P. aeruginosa is a versatile Gram-negative bacterium that grows in soil, marshes and coastal marine habitats, as well as on plant and animal tissues1. It forms biofilms on wet surfaces such as those of rocks and soil2,3. The emergence of P. aeruginosa as a major opportunistic human pathogen during the past century may be a consequence of its resistance to the antibiotics and disinfectants that eliminate other environmental bacteria. P. aeruginosa is now a significant source of bacteraemia in burn victims, urinary-tract infections in catheterized patients, and hospital-acquired pneumonia in patients on respirators4. It is also the predominant cause of morbidity and mortality in cystic fibrosis patients, whose abnormal airway epithelia allow long-term colonization of the lungs by P. aeruginosa. These infections are impossible to eradicate, in part because of the natural resistance of the bacterium to antibiotics, and ultimately lead to pulmonary failure and death.

Here we report the sequencing of the genome of P. aeruginosa. The sequence is of interest because of the insights it provides into the role of this bacterium as a pathogen, and because it offers new information on the relationship between genome size, genetic complexity and ecological versatility in bacteria. At 6.3 million base pairs (Mbp), the P. aeruginosa genome is markedly larger than most of the 25 sequenced bacterial genomes. In fact, with 5,570 predicted open reading frames (ORFs), the genetic complexity of P. aeruginosa approaches that of the simple eukaryote Saccharomyces cerevisiae, whose genome encodes about 6,200 proteins5. In contrast, P. aeruginosa has only 30–40% of the number of predicted genes present in the simple metazoans Caenorhabditis elegans and Drosophila melanogaster6.

Sequencing and assembly

Sequencing of the complete 6.3-Mbp genome of P. aeruginosa was accomplished by a straightforward implementation of whole-genome-shotgun sampling. The largest genome that has been completely sequenced by this approach is from Deinococcus radiodurans (2.6 Mbp)7. The other large bacterial genome sequences (Bacillus subtilis, 4.2 Mbp; Synechocystis, 3.6 Mbp; Escherichia coli, 4.6 Mbp; and Mycobacterium tuberculosis , 4.4 Mbp)8,9,10,11 were all initially determined by sequencing overlapping sets of clones, polymerase chain reaction (PCR) products and gel-purified restriction fragments.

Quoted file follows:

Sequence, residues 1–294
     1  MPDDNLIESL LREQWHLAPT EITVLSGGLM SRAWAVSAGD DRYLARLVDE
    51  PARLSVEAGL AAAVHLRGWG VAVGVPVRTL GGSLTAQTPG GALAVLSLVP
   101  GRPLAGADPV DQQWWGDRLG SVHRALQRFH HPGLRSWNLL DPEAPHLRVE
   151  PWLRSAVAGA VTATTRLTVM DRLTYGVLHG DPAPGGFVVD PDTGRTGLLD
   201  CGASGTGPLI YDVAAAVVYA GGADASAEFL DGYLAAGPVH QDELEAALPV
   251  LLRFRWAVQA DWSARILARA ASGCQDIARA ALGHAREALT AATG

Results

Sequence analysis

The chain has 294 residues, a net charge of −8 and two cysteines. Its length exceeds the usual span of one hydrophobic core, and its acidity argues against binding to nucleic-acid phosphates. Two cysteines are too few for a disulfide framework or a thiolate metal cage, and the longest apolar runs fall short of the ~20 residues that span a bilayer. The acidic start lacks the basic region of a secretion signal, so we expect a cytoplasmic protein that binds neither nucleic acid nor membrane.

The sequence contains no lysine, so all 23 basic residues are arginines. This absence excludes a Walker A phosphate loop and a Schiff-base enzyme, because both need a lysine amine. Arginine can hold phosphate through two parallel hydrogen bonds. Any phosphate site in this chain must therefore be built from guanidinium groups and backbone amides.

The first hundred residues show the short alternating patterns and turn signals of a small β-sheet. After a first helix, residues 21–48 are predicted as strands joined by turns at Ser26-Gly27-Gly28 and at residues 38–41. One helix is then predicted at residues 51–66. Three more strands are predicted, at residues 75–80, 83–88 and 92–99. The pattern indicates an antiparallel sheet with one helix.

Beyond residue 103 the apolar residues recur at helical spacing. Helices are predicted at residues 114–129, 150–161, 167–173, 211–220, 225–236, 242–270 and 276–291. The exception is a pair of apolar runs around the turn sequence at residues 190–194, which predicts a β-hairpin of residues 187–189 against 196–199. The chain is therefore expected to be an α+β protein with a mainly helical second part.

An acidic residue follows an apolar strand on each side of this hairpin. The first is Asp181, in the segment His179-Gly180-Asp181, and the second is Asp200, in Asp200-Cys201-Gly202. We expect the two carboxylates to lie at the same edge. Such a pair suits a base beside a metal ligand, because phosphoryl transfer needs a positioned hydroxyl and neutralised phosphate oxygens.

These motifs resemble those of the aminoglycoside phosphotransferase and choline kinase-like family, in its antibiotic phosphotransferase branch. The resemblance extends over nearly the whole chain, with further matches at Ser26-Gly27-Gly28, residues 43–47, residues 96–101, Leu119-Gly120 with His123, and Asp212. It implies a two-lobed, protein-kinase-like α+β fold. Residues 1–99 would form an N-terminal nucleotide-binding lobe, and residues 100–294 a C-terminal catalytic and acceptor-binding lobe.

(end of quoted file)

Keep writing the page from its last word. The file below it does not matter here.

With one major exception, the assembled genome sequence is in excellent agreement with the physical map of the P. aeruginosa genome12,13. The exception is the inversion of more than one-quarter of the genome in the PAO1 isolate we sequenced, relative to DSM-1707, the PAO1-derived isolate previously mapped in the laboratory of B. Tümmler12,13 (Fig. 1). As both of these isolates are clonally derived from the original PAO1 strain of P. aeruginosa, any differences in genome structure between PAO1 and DSM-1707 must have arisen during propagation. This inversion does not appear to be unique to the sequenced isolate as PAO1 stocks from other laboratories have the same inversion (H. Schweizer, personal communication). The inversion appears to have resulted from homologous recombination between the rrnA and rrnB loci, which are orientated in opposite directions and separated by 1.7 Mbp (Fig. 1). Comparative analysis of digests of PAO1 and DSM-1707 with SfoI, SwaI and PacI supported this possibility. Earlier observations of inversions of genomic segments between oppositely orientated ribosomal DNA loci in E. coli and S. typhimurium led to the proposal that these reversible genome rearrangements may have adaptive significance14.